Clients will frequently ask me if they can beat their case because the cops didn’t read them their rights. My answer, like any question in law question, is “maybe.”
We all know the Miranda warnings by heart from TV. “You have the right to remain silent….” What non-lawyers don’t get from TV is what happens when you aren’t read your rights.
First off, the most important thing to know is that Miranda warnings are only required for custodial interrogations—the means you are detained or locked up. If you are standing on the street and an officer asks you “do you have anything illegal on you?”, your response could be admitted in court. Only when a court says that any objective person would think you are not free to leave the area would that be considered a possible custodial statement. So, if you admit to having a couple of gel caps, or a blunt, you just gave the cops probable cause to search you and find it.
There are times that clients point out they were not read their rights and I ask “did you say anything?” If the answer is no, then it really doesn’t matter.
Miranda or “your rights” only protect against statements, things yu say in response to questions. If you don’t say anything, you don’t have a loophole for your case, but you also haven’t given the State any help in building a case against you. Much better!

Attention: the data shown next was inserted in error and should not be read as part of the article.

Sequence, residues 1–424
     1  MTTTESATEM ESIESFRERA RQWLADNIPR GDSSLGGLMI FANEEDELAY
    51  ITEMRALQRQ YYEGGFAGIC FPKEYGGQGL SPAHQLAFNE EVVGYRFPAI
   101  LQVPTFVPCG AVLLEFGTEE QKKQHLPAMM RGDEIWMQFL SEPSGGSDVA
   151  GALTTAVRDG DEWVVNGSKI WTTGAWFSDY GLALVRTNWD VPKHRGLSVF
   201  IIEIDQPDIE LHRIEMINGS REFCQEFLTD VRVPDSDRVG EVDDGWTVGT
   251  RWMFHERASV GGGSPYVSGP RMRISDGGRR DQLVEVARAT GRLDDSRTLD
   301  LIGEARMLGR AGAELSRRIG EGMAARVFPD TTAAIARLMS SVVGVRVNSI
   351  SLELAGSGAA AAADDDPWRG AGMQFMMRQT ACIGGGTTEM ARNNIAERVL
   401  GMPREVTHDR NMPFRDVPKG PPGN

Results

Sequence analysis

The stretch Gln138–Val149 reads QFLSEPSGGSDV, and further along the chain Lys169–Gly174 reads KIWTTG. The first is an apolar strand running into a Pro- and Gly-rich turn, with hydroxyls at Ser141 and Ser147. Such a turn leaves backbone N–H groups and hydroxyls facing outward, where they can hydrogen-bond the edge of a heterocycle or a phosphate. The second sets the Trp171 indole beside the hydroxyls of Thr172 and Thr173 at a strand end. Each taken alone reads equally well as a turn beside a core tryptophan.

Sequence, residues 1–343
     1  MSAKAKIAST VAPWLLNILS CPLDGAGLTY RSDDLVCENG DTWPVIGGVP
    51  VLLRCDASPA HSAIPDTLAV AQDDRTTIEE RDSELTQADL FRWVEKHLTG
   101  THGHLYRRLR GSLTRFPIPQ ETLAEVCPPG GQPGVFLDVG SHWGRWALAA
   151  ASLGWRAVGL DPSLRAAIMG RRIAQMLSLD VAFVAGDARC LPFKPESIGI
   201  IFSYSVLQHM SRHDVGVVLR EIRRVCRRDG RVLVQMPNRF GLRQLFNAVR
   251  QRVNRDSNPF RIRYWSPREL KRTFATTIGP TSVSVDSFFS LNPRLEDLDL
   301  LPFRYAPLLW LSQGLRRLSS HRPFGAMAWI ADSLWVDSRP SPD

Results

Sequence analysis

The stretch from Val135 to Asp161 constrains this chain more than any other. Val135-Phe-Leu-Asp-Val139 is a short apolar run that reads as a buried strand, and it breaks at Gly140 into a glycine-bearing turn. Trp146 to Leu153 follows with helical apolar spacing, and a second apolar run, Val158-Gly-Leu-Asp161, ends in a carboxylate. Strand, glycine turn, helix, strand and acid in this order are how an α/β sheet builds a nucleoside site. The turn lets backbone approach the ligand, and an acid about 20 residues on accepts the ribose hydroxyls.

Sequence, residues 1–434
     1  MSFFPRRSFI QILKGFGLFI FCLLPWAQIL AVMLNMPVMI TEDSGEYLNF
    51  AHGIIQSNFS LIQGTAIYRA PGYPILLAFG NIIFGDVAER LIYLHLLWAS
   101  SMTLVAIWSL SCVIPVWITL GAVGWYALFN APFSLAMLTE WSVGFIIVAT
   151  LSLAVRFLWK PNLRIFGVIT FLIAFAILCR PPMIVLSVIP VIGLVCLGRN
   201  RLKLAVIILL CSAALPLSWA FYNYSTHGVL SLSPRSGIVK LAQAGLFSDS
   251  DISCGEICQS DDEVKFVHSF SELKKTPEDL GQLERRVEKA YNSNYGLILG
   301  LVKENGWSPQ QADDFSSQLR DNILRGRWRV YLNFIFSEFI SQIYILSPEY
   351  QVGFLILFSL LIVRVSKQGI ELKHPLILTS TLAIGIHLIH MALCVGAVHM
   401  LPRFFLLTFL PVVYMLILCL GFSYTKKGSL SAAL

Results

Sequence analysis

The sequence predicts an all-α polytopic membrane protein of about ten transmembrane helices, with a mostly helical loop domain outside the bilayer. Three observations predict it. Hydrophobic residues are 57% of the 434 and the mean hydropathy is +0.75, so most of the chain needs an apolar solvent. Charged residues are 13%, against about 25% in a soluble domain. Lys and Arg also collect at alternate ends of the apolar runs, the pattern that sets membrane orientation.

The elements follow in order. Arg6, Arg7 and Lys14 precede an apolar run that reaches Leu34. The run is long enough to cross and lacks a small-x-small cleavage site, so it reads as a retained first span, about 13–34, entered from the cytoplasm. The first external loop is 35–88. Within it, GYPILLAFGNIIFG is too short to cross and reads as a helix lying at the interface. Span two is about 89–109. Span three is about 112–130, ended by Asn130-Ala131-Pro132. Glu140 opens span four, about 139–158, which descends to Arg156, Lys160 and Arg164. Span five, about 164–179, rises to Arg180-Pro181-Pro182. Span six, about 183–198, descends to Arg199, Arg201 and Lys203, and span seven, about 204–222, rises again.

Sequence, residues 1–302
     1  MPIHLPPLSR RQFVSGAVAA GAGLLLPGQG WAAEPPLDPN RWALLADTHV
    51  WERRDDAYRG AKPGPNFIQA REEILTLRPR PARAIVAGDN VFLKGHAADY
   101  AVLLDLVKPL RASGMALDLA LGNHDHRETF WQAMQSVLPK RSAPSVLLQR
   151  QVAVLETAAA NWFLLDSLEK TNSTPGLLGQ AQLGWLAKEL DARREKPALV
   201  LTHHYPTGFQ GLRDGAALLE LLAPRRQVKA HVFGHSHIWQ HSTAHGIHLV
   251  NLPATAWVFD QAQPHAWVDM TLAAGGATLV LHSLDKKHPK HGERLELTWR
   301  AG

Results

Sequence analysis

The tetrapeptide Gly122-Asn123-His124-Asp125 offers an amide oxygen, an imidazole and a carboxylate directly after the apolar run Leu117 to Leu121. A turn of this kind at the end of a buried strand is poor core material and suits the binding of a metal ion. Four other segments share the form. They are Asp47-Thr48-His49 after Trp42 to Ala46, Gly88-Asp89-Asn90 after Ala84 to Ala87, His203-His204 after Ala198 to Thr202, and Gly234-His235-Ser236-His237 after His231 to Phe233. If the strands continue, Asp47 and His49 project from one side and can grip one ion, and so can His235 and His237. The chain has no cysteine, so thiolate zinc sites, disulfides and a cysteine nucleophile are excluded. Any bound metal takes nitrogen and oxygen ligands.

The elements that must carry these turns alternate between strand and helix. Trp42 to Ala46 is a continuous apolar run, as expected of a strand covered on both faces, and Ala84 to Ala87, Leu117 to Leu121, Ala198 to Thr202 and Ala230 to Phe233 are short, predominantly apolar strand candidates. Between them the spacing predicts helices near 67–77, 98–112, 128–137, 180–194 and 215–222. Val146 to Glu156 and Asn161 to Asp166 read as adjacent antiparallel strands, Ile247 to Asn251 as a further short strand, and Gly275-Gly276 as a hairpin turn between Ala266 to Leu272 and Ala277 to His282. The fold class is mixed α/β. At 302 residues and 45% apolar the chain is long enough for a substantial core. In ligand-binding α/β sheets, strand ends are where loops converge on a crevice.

Let’s say that you are being cuffed. Clearly you are under arrest, the cops are searching you now and you know you have a gun. You want the cops to know it’s not yours before they ask you anything.
You yell “that gun isn’t mine!” Surely they needed to read you your rights then? Probably not. Courts have held that statements that aren’t made in response to questions are “blurts” and are not a violation of Miranda. You may have just given the State a valuable piece of evidence against you.
So, what should you do? Many “know your rights” videos suggest you ask “am I being detained.” That can be a possible option. If the cop says yes you know to not make any statements or say a word. But cops can be clever and say something that can be confusing in court later. Your best option may be to limit what you say to your name, date of birth, and that’s it. Be polite but be firm. “I just want to call my lawyer.” “Officer, I’m just on my way home” are statements that can show you are being polite without making any statements at all.
Remember, that anytime you are read your rights, you should ask for a lawyer. Period. There’s nothing you can say to the cops that won’t be better said with a lawyer next to you.
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